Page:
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N-terminal atrial natriuretic peptides

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Atrial myocytes synthesise atrial natriuretic factor prohormone consisting of 126 aminoacids (ANP1-126 ) which is subsequently processes to several fragments. Atrial natriuretic factor (ANF, ANP99-126) originating from the C-terminal portion of prohormone is a best described atrial peptide. However, several peptides originating from the N-terminus of this precursor also circulate and produce significant diuresis, natriuresis and vasodilatation. These are: long acting natriuretic peptide (ANP1-30), vessel dilator (ANP31-67) and kaliuretic peptide (ANP79-98). ANP1-98 and ANP68-98 also circulate. Kaliuretic peptide specifically stimulates urinary potassium excretion. These peptides are slowly metabolised and their plasma concentration is higher than ANF suggesting their important role in water-electrolyte homeostasis and regulation of vascular tone. N-terminal atrial peptides don?t bind to classical natriuretic peptide receptors, each of them has probably its own unique receptors. Although these peptides activate particulate guanylate cyclase in a number of tissues, some of their effects, for example natriuresis, are not mediated by cGMP but rather by prostaglandin E2. Plasma concentration of N-terminal atrial peptides may be useful in diagnosis and risk stratification in patients with heart failure and after myocardial infarction. Recently N-terminal fragment of brain natriuretic peptide (BNP1-76) was identified in the blood. This peptide is secreted together with its C-terminal partner, BNP77-108 by ventricular myocytes. Some studies that N-terminal BNP may be also a useful diagnostic tool in cardiovascular diseases.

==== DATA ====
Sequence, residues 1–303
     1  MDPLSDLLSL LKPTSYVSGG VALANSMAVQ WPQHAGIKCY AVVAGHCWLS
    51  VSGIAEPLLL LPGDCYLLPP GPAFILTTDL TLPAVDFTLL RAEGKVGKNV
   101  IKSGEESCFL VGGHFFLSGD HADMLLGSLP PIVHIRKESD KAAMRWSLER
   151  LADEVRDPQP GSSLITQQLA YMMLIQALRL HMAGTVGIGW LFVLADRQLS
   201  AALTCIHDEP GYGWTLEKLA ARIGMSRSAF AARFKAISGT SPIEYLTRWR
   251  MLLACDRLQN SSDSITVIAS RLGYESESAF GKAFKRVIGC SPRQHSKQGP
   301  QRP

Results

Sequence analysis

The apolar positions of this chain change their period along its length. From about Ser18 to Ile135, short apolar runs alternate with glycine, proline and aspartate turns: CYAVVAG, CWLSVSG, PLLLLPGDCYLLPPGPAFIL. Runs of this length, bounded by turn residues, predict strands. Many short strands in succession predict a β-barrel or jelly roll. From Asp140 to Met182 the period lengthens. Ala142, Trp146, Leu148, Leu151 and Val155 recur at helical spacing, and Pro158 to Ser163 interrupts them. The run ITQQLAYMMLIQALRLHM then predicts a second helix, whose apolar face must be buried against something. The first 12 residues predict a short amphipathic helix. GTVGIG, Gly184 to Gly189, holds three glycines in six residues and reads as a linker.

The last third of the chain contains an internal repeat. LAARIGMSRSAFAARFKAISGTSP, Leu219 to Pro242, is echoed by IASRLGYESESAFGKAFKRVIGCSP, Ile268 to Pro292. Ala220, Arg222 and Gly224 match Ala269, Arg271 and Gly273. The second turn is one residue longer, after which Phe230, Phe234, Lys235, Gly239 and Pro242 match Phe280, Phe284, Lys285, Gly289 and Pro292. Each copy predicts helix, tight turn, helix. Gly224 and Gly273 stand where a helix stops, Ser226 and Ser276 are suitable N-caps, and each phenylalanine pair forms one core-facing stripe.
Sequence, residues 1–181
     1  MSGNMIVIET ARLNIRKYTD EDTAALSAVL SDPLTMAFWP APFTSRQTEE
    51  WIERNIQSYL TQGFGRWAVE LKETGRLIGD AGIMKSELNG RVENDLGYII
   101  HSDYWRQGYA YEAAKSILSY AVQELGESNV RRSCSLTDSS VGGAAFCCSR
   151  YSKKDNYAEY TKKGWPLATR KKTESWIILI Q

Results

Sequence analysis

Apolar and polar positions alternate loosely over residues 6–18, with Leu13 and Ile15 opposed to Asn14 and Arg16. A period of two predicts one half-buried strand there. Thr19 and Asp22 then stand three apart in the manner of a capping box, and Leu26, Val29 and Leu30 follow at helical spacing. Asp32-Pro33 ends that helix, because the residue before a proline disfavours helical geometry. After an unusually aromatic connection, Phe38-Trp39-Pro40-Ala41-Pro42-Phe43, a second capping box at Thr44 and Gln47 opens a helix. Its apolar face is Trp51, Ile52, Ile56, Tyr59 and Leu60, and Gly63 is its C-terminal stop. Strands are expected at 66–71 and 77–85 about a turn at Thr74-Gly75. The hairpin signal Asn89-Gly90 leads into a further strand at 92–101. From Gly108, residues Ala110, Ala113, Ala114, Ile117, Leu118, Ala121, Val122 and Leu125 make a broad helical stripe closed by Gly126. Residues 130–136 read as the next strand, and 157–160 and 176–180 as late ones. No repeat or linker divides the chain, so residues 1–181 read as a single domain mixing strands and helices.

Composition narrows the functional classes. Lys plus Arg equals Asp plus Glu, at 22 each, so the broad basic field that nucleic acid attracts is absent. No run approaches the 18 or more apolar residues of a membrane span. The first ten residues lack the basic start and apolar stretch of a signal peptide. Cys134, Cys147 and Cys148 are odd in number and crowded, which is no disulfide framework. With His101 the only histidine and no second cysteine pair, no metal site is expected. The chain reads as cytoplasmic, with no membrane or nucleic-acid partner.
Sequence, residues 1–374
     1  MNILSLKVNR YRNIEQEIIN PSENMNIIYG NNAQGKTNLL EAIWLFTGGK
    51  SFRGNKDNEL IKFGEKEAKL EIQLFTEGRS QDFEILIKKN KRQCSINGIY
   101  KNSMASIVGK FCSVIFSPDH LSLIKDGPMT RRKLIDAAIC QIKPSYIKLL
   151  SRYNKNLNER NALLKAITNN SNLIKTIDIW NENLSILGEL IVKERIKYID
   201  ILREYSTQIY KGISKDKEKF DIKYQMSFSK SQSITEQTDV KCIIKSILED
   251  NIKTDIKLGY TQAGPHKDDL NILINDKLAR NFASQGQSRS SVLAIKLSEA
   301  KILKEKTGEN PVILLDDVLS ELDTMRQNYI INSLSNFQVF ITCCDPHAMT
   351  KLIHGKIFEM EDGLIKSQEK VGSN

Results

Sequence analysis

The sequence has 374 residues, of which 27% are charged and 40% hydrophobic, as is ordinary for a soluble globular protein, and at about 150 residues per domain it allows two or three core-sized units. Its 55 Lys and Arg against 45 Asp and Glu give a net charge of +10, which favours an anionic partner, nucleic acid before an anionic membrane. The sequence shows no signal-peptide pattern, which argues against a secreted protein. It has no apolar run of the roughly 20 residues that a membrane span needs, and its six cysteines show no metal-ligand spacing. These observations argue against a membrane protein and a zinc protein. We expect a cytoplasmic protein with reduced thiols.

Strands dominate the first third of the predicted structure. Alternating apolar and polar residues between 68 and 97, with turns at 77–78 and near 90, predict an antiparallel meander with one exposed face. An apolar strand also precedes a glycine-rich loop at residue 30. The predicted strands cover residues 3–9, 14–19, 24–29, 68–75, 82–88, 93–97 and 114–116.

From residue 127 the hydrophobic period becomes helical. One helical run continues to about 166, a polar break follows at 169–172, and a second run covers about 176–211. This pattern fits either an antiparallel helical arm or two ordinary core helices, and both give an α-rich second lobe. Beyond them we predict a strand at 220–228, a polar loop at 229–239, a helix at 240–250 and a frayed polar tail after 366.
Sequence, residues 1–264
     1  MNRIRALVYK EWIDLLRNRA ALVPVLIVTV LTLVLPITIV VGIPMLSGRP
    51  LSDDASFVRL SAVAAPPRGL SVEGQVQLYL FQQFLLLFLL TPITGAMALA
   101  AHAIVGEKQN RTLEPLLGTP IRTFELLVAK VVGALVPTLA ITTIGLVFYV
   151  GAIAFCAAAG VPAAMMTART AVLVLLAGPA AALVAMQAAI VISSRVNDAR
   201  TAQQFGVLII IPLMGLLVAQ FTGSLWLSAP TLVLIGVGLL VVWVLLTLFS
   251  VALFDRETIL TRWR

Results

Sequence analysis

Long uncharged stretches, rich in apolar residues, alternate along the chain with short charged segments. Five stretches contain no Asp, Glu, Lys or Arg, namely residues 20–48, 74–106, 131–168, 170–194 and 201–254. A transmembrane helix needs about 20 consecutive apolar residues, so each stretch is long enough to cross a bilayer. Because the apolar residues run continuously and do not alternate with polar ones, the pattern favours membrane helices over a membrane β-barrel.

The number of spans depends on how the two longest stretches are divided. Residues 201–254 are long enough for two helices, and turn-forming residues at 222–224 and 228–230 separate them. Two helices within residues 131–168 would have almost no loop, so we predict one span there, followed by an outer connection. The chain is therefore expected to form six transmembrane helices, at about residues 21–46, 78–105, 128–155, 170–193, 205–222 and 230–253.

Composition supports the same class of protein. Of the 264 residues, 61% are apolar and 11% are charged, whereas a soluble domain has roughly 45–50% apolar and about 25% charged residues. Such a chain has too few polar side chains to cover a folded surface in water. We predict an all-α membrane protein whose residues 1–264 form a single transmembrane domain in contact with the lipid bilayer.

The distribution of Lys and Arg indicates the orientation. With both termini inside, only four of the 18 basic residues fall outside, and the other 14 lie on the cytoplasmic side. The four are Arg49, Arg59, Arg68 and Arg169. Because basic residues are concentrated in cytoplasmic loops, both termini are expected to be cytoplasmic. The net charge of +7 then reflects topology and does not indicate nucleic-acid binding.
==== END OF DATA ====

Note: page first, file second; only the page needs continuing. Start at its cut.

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J. Beltowski, Katedra i Zaklad Patofizjologii AM, ul. Jaczewskiego 8, 20-090 Lublin, Poland
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